Saturday, December 10, 2011


Mario Draghi, the head of the European Central Bank, could resolve the Eurozone crisis simply by pushing the button on massive debt monetization--that is, the purchase of Eurozone sovereign debt in sufficient quantities to stabilize financial markets. In normal times, such an inflationary move would be anathema to anyone interested in long run economic growth and stability. These are not normal times. We face an epic debt crisis that threatens to destabilize global markets, constrain growth and tip the global economy into debt deflation. These threats may persist for years if not addressed vigorously at their root. If the ECB purchased massive Eurozone bonds, then moderate inflation would set in as the money supply in Europe expanded, debt loads would ease relative to GDP, and monetary expansion would accommodate growth.

In the most important (and fundamentally bearish) development of the week, Draghi moved strongly in the opposite direction. He not only ruled out monetary expansion through troubled debt purchases, he argued that such action would violate the ECB charter even if pursued indirectly--such as loaning money to the IMF to buy bonds--or through any other "legal tricks." It is hard to walk back from illegal.

The second most important development of the week involves downgrades and rumors of downgrades. Moody's downgraded the French megabanks Thursday night. And, S&P put essentially the entire Eurozone on negative watch on Monday. So, in the midst of a historic debt crisis both European banks and European sovereigns are facing a mass loss of creditworthiness. Experts suggest that France now faces a two notch downgrade, possibly very soon.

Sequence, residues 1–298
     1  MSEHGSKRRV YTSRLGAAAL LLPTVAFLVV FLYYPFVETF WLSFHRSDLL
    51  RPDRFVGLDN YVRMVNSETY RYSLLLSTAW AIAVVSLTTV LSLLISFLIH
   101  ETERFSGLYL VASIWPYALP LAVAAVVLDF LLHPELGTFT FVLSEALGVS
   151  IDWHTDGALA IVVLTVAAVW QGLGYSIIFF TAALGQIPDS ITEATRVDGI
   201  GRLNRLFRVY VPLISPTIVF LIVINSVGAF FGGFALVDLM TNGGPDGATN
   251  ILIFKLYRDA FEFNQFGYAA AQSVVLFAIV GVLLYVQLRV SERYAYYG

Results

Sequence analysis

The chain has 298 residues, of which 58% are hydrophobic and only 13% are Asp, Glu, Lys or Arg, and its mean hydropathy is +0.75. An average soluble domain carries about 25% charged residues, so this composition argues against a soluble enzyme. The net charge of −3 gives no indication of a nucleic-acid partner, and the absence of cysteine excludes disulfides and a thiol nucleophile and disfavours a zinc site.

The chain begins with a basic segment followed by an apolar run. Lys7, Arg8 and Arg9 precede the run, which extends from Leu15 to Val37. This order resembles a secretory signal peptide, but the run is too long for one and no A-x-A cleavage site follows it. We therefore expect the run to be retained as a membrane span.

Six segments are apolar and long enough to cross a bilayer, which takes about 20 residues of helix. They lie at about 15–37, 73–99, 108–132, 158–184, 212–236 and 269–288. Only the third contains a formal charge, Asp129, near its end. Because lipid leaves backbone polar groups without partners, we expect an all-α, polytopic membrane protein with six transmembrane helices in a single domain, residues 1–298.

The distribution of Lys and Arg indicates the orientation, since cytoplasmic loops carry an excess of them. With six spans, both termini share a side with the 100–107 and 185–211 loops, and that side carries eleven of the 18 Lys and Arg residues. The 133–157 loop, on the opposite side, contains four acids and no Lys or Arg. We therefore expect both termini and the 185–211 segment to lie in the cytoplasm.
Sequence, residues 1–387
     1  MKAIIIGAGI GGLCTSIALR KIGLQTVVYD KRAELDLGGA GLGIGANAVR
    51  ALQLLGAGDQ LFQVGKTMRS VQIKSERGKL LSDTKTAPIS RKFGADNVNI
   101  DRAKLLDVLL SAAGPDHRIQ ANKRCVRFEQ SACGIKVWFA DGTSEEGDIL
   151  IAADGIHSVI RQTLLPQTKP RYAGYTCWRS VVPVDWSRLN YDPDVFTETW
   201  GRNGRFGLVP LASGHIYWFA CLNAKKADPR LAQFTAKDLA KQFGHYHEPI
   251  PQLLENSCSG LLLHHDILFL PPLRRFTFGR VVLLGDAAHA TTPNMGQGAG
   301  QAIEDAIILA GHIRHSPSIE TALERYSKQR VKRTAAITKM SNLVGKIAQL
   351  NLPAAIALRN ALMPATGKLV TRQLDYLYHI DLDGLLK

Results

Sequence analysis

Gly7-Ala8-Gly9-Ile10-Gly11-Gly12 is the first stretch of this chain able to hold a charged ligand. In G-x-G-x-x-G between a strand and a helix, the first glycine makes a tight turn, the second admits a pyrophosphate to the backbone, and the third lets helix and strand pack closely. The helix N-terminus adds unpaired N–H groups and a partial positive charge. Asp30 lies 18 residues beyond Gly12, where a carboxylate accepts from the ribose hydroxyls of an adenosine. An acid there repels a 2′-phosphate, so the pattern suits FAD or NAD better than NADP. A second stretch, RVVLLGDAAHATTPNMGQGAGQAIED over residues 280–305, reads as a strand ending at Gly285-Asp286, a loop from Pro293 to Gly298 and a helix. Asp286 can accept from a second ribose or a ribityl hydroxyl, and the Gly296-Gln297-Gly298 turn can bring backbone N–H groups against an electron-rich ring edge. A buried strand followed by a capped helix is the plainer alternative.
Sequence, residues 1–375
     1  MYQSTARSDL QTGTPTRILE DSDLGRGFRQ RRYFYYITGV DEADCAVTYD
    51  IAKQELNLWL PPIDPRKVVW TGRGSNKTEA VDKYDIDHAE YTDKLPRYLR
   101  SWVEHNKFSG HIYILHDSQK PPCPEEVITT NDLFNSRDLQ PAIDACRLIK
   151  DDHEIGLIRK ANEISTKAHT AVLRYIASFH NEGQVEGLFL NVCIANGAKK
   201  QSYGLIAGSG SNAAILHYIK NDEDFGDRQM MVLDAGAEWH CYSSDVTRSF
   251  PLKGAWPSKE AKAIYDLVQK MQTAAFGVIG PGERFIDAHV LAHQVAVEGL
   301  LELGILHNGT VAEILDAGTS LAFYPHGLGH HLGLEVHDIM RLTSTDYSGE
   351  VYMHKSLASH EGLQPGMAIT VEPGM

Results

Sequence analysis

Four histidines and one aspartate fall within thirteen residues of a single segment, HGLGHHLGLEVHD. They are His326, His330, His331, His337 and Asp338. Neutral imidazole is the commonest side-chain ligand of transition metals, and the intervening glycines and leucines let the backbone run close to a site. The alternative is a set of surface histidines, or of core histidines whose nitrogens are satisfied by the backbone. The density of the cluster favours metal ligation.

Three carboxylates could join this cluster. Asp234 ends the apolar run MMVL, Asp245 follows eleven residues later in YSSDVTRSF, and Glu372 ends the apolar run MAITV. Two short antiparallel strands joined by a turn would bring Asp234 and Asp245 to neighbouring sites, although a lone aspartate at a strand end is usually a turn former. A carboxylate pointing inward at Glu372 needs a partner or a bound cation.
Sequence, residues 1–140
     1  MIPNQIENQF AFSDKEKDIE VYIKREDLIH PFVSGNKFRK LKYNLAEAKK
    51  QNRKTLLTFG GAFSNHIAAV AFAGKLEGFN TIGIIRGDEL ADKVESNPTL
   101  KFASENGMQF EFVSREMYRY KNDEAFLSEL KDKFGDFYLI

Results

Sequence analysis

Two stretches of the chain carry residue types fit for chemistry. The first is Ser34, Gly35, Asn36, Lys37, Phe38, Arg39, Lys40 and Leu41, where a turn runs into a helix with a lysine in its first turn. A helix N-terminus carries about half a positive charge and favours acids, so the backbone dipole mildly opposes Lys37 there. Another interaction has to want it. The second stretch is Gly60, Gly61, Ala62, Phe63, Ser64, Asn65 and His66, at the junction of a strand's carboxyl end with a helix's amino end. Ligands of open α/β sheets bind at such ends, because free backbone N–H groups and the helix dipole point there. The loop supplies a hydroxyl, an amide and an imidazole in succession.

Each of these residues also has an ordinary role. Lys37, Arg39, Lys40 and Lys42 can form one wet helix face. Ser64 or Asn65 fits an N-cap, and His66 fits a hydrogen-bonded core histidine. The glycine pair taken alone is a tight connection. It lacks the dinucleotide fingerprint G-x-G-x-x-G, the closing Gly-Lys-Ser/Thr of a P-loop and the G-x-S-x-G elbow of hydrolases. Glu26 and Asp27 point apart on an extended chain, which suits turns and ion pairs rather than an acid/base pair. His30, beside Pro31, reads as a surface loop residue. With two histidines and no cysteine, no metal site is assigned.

The market finds cause for optimism in the recent Eurozone agreement for consolidation of fiscal power in Brussels which may now accede to enhanced power over national finances within errant Eurozone nations. Frankly, it is hard for me to believe that any nation would cede fiscal power to such an extent. Even in the US, the federal government has very limited legal power over state finances. Yet, more fundamentally, this does absolutely nothing to help with the debt crisis at hand. I hate to dissent from market verdicts, but I think the equity market has gotten a little giddy here.

The good news is that Eurozone yields are down right now and that equity markets have responded favorably to the deal announced at the EU summit this week. We may have bought some time. But, I am convinced things got gloomier this week, not better.

The fundamental problem is this:

One lesson that the world has learned since the financial crisis of 2008 is that a contractionary fiscal policy means what it says: contraction. Since 2010, a Europe-wide experiment has conclusively falsified the idea that fiscal contractions are expansionary. August 2011 saw the largest monthly decrease in eurozone industrial production since September 2009, German exports fell sharply in October, and is predicting declines in eurozone GDP for late 2011 and early 2012.

I have argued this point many times over the past three years. The only way out of a debt crisis is rapid growth--and that requires high-payoff fiscal policy and monetary accommodation. The Eurozone is following the austerity mantra off the cliff.

In my forthcoming law review article, I address this issue head-on. In Taking Fiscal Policy Seriously I will articulate an optimal legal framework for the operation of fiscal policy in a globalized economy. This will build on my prior work in this area, Fear and Social Capitalism which argued in favor of a depoliticized fiscal policy to complement monetary policy.

1 comment:

  1. Will the Eurozone crisis drive the U.S. economy back into a meltdown scenario?